Shiyam Galyon was previously the media relations board member of SAC Houston before being elected its president. She has organized public speaking events for Syrian Revolutionaries in Texas and engages local TV, radio, and print on issues pertaining to Syria. The Syria Campaign's powerful creative campaigning is what she hopes to use as supplemental tools in breaking through the apathy around Syria's war as a "new normal".
I never took a political science class and I don’t enjoy politics at all. Politicians are not leaders: they are players within a system that too often is responsible for massive human suffering. But paying attention to politics is important because by understanding the system, people working together can effect change. If politicians are players, then community organizers are their counterparts – true leaders.
One such community organizer is Raed Fares, an internationally recognized revolutionary from a small town called Kafranbel in Northern Syria. The Syrian American Council chapter in Houston was able to bring Raed to speak at Houston Public Library, and his message transcended borders. “We need to build functional citizens. It’s true we are fighting Bashar al Assad – but each one of us has a little Bashar al Assad inside that keeps us oppressed. We need to value active engagement with our political systems. In our case, we are rebuilding our community infrastructure and also learning to undo internal oppressions.”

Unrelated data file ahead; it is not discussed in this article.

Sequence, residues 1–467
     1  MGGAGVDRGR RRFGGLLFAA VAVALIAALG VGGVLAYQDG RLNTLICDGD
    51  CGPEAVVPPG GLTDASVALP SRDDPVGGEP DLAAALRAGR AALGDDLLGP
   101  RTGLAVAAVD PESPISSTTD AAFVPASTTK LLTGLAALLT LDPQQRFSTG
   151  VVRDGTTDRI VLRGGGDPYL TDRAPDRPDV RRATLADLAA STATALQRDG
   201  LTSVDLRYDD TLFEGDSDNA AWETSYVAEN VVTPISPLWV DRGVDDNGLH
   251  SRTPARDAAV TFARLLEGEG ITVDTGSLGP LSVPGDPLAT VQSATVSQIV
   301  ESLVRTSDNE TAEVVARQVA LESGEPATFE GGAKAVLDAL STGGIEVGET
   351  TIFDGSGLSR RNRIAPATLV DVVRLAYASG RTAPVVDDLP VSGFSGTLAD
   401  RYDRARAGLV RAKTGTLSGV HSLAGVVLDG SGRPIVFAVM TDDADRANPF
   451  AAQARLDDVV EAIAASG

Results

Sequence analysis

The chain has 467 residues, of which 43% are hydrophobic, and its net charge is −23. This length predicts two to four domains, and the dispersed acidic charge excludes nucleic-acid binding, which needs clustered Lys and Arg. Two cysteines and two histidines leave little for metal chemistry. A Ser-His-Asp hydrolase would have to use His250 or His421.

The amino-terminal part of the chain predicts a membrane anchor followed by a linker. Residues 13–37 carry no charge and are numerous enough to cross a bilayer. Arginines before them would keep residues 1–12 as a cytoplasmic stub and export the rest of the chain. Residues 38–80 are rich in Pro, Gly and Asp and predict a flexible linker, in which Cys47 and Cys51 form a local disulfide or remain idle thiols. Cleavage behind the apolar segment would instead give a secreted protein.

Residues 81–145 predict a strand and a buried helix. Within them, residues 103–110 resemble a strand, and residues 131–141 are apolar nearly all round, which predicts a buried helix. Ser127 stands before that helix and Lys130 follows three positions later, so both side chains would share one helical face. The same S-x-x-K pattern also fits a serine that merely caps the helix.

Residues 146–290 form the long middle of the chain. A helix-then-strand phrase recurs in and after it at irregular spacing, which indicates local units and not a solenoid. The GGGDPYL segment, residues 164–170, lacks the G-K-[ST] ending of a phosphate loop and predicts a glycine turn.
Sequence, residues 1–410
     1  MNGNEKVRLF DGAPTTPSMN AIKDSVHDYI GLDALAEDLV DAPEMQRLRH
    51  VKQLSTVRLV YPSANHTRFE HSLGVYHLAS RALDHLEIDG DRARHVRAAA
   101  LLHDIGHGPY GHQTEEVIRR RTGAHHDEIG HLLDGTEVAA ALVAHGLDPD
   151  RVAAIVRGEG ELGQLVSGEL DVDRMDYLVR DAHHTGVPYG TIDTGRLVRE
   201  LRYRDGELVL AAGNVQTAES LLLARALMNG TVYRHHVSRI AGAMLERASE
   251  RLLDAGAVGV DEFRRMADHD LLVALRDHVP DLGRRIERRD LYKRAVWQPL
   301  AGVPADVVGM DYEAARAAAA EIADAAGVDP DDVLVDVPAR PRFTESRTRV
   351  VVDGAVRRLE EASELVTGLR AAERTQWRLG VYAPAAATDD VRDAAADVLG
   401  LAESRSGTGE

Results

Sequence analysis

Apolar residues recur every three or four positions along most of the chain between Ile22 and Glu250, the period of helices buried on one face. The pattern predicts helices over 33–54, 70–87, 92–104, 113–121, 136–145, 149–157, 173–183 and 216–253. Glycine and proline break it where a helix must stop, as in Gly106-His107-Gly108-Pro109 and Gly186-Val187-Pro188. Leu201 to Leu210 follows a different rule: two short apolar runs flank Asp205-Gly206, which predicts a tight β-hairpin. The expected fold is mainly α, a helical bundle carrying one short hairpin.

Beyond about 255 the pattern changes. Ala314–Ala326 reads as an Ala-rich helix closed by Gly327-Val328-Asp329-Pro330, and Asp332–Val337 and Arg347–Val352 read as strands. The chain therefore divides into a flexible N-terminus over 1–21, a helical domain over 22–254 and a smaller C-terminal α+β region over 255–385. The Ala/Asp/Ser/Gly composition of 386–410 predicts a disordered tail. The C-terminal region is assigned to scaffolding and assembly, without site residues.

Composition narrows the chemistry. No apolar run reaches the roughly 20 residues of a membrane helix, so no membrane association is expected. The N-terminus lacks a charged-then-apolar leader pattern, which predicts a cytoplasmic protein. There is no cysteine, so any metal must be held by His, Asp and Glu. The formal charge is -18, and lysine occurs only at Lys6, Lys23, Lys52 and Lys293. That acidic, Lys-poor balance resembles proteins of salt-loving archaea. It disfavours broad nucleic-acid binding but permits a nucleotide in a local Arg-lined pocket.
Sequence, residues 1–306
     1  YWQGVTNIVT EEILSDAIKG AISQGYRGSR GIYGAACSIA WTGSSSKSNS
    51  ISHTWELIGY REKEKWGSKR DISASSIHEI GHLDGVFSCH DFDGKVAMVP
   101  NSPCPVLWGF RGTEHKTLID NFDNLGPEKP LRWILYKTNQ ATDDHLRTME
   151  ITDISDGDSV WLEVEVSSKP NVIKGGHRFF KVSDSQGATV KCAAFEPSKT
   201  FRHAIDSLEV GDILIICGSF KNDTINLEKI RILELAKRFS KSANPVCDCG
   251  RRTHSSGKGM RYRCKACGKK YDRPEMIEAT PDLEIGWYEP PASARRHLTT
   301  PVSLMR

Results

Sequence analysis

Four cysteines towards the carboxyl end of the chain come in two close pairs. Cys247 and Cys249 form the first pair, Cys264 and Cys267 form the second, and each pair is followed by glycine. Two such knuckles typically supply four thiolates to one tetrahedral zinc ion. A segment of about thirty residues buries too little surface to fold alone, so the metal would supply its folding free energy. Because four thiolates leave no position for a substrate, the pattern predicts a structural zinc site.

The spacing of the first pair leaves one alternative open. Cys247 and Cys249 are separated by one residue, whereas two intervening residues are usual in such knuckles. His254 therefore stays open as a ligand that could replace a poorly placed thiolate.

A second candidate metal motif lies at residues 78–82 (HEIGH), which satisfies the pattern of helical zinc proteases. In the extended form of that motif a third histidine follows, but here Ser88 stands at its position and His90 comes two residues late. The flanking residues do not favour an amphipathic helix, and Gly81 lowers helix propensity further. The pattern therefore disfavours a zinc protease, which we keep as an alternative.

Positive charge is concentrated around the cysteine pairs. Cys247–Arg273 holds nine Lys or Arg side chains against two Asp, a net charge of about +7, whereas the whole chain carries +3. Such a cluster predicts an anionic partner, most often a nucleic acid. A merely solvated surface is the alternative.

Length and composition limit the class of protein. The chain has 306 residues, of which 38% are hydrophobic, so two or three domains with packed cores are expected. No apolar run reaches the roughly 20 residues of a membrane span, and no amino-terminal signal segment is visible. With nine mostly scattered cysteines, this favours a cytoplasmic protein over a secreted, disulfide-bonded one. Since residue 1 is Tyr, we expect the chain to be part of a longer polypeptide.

One of the most powerful things a citizen can do is to organize a public event for education, debate, or conversation. Invite the local media, and all of a sudden your representatives see that their constituents are paying attention to something. I work with a group called the Syrian American Council, and the Houston chapter hosted film screenings and called press conferences. Our film screening of Return to Homs brought in 200 people of different backgrounds, and our radio interview on a local station helped Houstonians contextualize Syria. An educated population is an empowered population. This makes it easier for Syria advocates on the Hill to convince representatives to vote in favor of the Syrian people.
Recently, Dr. Maria Curtis and Jeff Bowen, a couple of very sincere allies at the University of Houston Clear Lake, organized a community panel on Syria. I went along with others who were active in humanitarian relief, and together we answered tough but important questions on Syria. At the end, one audience member told me as another nodded along, “This is the first time I’ve been able to put Syria into context. I’ve just had no idea what to believe.”
Clearly, there is a lot of work to do. The enormity of it all can feel hopeless, until I remember from science: our very own DNA is held together by trillions of hydrogen bonds, which on their own are very weak but together can make something significant.
There’s also the fact that Syrian revolutionaries who risk their lives to come to America do not work on food baskets to send back to Syria. They go on speaking tours and work as advocates for a Free Syria. If advocacy in America is important to them, then it is important to me.
In Arabic, the word for “vote” and “voice” come from the same root, which is probably why dictators restrict freedom of speech. When looking across the Atlantic to figure out how to help Syria, remember to look back at your own community and see what project you can organize. The biggest mistake you can make is to undervalue your own voice.
The Syrian-American Council is devoted to supporting Syrians seeking to build a free, democratic, and pluralistic Syria. Find out more about chapters in your area here.